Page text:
Colonel Quaritch, V.C.

H. Rider Haggard
Colonel Quaritch, V.C.

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Title: Colonel Quaritch, V.C. A Tale of Country Life
Author: H. Rider Haggard
Release Date: April 3, 2004 [EBook #11882]
Language: English
Character set encoding: ASCII

Produced by John Bickers and Dagny

COLONEL QUARITCH, V.C. By H. Rider Haggard
First Published 1888.
Etext prepared by John Bickers, [email protected] and Dagny,
[email protected]


I Dedicate
This Tale of Country Life
My Friend and Fellow-Sportsman,

This text was prepared from an 1889 edition published by Longmans,
Green and Co., printed by Kelly and Co., Gate Street, Lincoln's Inn
Fields, W.C.; and Middle Mill, Kingston-on-Thames.


There are things and there are faces which, when felt or seen for the
first time, stamp themselves upon the mind like a sun image on a
sensitized plate and there remain unalterably fixed. To take the instance
of a face--we may never see it again, or it may become the companion
of our life, but there the picture is just as we /first/ knew it, the same
smile or frown, the same look, unvarying and unvariable, reminding us
in the midst of change of the indestructible nature of every experience,
act, and aspect of our days. For that which has been, is, since the past
knows no corruption, but lives eternally in its frozen and completed
These are somewhat large thoughts to be born of a small matter, but
they rose up spontaneously in the mind of a soldierly-looking man who,
on the particular evening when this history opens, was leaning over a
gate in an Eastern county lane, staring vacantly at a field of ripe corn.
He was a peculiar and rather battered looking individual, apparently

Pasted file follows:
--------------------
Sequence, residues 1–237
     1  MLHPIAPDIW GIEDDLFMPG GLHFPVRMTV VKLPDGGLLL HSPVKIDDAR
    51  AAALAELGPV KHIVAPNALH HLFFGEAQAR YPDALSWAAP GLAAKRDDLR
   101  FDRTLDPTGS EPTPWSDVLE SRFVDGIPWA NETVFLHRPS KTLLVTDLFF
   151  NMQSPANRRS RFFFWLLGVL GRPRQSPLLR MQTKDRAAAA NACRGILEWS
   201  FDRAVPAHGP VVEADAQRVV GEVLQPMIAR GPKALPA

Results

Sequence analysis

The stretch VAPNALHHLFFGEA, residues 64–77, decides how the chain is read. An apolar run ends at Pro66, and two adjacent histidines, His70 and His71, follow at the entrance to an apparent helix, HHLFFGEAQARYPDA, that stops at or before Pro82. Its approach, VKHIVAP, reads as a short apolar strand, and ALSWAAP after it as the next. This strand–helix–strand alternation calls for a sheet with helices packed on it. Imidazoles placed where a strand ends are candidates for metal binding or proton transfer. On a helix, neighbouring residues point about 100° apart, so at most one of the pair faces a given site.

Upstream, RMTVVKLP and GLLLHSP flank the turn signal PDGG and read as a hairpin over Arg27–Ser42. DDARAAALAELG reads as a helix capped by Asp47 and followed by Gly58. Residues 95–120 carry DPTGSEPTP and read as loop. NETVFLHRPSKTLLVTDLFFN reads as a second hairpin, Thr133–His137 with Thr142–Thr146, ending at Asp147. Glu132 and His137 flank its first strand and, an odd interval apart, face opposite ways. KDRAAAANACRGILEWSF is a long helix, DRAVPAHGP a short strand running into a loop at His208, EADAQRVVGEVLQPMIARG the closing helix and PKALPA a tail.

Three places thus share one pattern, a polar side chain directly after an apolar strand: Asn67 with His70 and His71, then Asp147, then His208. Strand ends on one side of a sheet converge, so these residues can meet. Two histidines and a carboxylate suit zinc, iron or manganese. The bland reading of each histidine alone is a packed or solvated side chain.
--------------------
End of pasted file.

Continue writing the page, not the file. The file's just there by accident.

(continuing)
over forty years of age, and yet bearing upon him that unmistakable

stamp of dignity and self-respect which, if it does not exclusively
belong to, is still one of the distinguishing attributes of the English
gentleman. In face he was ugly, no other word can express it. Here
were not the long mustachios, the almond eyes, the aristocratic air of
the Colonel of fiction--for our dreamer was a Colonel. These were--alas!
that the truth should be so plain--represented by somewhat scrubby
sandy-coloured whiskers, small but kindly blue eyes, a low broad
forehead, with a deep line running across it from side to side,
something like that to be seen upon the busts of Julius Caesar, and a
long thin nose. One good feature, however, he did possess, a mouth of
such sweetness and beauty that set, as it was, above a very square and
manly-looking chin, it had the air of being ludicrously out of place.
"Umph," said his old aunt, Mrs. Massey (who had just died and left him
what she possessed), on the occasion of her first introduction to him
five-and-thirty years before, "Umph! Nature meant to make a pretty girl
of you, and changed her mind after she had finished the mouth. Well,
never mind, better be a plain man than a pretty woman. There, go along,
boy! I like your ugly face."
Nor was the old lady peculiar in this respect, for plain as the
countenance of Colonel Harold Quaritch undoubtedly was, people
found something very taking about it, when once they became
accustomed to its rugged air and stern regulated expression. What that
something was it would be hard to define, but perhaps the nearest
approach to the truth would be to describe it as a light of purity which,
notwithstanding the popular idea to the contrary, is quite as often to be
found upon the faces of men as upon those of women. Any person of
discernment looking on Colonel Quaritch must have felt that he was in
the presence of a good man--not a prig or a milksop, but a man who
had attained by virtue of thought and struggle that had left their marks
upon him, a man whom it would not be well to tamper with, one to be
respected by all, and feared of evildoers. Men felt this, and he was
popular among those who knew him in his service, though not in any
hail-fellow-well-met kind of way. But among women he was not
popular. As a rule they both feared and disliked him.
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